When Marlo Dewing went shopping for a car last year, she only had one requirement: a manual transmission.
"Any car that was only available as an automatic was a deal breaker," said Dewing, 44. "I love to drive. I want to know that I am actually driving, that I am in control of the machine."
That made her shopping list a very short one. Only around 10 percent of vehicles made in North America now have manual transmissions, down from 35 percent in 1980. And that number is expected to keep shrinking, according to the consulting firm IHS Automotive.
Improvements in the function and fuel economy of automatic transmissions have essentially killed the manual in the U.S., says Jack Nerad, the senior editor of Kelley Blue Book. Some of the country's best-selling sedans — the Toyota Camry, Nissan Altima and Ford Fusion — don't even offer manual transmissions because so few buyers want them. Even some sporty cars, like the Jaguar F Type, come only with automatics.
Two years ago, Chrysler was burned when it assumed there would be higher demand for manual transmissions in its Dodge Dart compact car. The car sold slowly. This year, when Fiat Chrysler's Alfa Romeo 4C sports car arrives in the U.S., it won't offer a manual transmission.
When a manual enthusiast questioned that decision at a company event in May, Fiat Chrysler CEO Sergio Marchionne said U.S. demand for manuals is simply too limited.
"It's going to be you and four guys. That's my assessment of our market demand," he said. "I'll buy one too, but then it's only going to be six."
Manual transmissions — which allow the driver to select the gear — were the rule until 1939, when General Motors Co. debuted the automatic transmission in its Oldsmobile brand. Initially, automatics were much more expensive and got poorer fuel economy, so drivers looking to economize tended to stick to manuals.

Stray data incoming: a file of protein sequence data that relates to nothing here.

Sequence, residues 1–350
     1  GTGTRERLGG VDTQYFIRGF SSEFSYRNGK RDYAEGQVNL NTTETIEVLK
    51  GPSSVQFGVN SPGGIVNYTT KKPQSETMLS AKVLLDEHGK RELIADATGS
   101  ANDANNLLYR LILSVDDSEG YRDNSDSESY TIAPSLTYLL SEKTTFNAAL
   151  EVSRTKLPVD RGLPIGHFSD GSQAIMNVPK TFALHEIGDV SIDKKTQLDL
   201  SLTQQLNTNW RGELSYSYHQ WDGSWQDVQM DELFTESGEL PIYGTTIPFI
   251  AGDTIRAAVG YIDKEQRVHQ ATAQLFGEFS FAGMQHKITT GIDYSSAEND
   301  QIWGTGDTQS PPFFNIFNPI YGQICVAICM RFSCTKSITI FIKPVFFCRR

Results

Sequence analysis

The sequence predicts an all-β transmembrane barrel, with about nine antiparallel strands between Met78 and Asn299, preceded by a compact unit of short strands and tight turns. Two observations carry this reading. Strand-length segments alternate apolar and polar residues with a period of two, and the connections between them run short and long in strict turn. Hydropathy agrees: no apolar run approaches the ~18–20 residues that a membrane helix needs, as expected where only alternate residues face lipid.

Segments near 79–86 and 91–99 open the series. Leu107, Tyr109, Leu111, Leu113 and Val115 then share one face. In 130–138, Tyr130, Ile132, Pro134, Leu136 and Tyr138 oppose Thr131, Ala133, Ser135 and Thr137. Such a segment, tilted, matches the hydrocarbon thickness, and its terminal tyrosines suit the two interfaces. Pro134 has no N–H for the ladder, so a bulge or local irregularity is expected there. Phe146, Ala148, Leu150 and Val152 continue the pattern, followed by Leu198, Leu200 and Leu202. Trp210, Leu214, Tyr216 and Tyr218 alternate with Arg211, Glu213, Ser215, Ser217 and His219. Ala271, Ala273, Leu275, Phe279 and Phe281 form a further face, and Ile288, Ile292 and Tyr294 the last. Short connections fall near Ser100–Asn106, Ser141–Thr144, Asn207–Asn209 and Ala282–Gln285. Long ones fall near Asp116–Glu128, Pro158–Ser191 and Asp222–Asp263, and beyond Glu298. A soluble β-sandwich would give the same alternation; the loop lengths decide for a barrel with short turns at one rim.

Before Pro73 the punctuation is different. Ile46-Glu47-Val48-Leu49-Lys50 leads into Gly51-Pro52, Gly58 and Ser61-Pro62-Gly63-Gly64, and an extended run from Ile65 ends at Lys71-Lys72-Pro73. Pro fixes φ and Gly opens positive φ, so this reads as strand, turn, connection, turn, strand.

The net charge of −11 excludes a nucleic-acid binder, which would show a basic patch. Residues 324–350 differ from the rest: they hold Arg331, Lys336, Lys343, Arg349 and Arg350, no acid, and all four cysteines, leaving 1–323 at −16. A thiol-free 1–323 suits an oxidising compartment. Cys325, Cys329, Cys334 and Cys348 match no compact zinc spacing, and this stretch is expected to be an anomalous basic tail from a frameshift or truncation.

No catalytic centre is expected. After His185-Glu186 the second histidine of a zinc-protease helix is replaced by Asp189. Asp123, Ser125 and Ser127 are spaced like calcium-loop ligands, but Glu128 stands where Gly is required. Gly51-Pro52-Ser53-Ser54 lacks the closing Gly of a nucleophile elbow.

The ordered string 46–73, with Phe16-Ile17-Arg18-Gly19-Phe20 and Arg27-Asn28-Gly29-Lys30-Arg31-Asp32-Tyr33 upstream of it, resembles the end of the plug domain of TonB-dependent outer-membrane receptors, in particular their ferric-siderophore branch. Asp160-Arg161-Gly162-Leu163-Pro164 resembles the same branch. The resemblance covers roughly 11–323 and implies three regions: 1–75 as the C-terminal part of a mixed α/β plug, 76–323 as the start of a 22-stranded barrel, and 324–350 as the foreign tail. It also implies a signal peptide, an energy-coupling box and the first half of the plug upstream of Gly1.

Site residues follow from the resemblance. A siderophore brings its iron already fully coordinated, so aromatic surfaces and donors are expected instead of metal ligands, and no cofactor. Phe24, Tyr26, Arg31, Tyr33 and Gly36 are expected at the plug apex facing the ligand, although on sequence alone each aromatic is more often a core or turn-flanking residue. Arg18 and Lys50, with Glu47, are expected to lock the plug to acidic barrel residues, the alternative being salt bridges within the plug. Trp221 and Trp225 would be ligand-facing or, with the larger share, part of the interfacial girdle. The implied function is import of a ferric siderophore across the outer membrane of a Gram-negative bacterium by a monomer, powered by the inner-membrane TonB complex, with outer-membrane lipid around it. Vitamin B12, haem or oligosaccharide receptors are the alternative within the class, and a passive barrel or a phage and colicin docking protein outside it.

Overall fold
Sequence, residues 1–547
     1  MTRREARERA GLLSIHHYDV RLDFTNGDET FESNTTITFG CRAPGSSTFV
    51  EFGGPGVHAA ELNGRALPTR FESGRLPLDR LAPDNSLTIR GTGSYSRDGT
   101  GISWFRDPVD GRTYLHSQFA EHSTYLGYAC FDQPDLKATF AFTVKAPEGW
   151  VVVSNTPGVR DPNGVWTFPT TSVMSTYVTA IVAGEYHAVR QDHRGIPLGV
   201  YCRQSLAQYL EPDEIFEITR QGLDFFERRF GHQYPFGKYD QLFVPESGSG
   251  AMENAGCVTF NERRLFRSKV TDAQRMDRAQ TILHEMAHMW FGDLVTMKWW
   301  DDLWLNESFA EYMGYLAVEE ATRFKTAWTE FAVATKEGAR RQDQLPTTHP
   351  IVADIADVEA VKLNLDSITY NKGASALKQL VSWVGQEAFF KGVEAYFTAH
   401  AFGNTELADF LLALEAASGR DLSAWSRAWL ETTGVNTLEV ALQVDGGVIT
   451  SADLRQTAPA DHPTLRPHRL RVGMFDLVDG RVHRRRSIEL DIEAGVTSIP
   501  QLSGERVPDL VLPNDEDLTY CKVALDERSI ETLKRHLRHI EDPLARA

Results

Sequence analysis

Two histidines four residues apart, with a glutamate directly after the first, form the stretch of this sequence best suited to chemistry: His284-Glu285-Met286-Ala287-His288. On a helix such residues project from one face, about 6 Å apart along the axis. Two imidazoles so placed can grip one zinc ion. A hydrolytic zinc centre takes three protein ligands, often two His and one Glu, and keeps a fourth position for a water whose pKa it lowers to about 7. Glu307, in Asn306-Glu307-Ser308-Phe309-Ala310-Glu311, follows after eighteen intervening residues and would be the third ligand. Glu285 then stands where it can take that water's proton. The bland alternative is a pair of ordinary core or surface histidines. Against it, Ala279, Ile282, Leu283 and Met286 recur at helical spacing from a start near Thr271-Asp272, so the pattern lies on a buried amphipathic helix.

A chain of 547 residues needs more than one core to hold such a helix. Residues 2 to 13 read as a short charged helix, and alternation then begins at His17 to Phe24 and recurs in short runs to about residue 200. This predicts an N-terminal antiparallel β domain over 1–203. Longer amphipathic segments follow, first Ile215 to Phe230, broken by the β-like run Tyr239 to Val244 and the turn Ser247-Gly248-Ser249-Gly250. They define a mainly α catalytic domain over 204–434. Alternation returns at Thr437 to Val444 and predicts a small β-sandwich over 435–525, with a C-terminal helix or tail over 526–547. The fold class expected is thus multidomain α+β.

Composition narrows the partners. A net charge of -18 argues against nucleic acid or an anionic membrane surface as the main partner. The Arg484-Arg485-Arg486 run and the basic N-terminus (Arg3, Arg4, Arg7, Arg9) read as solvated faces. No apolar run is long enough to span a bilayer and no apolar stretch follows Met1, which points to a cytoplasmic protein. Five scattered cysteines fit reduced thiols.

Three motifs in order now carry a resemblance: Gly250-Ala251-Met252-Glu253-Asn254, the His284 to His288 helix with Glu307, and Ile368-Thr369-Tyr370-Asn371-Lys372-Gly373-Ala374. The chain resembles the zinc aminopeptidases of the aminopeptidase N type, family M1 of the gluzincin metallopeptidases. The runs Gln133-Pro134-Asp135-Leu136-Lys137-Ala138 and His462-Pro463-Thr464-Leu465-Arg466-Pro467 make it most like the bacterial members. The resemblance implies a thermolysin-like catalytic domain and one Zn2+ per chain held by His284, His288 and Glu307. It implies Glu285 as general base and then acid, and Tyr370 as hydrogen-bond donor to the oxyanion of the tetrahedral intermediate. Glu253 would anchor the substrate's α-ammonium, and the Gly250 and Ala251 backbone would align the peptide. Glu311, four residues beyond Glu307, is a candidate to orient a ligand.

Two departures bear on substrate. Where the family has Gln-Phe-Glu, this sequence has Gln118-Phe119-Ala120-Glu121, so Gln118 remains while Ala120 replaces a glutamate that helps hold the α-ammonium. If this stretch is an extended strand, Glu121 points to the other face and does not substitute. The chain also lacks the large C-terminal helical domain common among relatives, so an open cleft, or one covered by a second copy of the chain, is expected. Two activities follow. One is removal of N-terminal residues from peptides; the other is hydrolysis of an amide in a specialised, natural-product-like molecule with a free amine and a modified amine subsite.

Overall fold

But in recent years, those gaps have closed, Nerad says.
"The manual transmission has become kind of a dodo bird," he says.
Manuals no longer have a fuel economy advantage. The five-speed manual transmission on the 2014 Honda Civic sedan gets 31 miles per gallon in combined city and highway driving, for example, while a Civic with Honda's continuously variable automatic transmission — which moves automatically to the gear most appropriate for the car's situation — gets 33 mpg.
The price gap does remain. A Honda Accord with an automatic transmission costs around $800 more than a manual one, while drivers opting for an automatic transmission on a Chevrolet Corvette Stingray have to pay $1,725 more. But that doesn't seem to have stifled demand.
Driving enthusiasts like Dewing remain manuals' biggest fans, and ensure that some brands will continue to produce them. Dewing eventually settled on a 2012 Volkswagen GTI with a six-speed manual transmission. It's a 210-horsepower hatchback that's popular with enthusiasts; Volkswagen says about half the GTIs it sells in the U.S. are manuals.
Dewing, who has two daughters, says she'll teach them to drive on a manual. But Nerad isn't so sure. He taught one of his daughters to drive on a manual, but may not bother for his other two kids. Manuals are disappearing so quickly that they might not ever drive one, he says.
"Most advanced transmissions shift better than I would do," he says. "It's a natural progression. The Luddites out there are decrying the loss of manuals, but I'm not shedding a tear."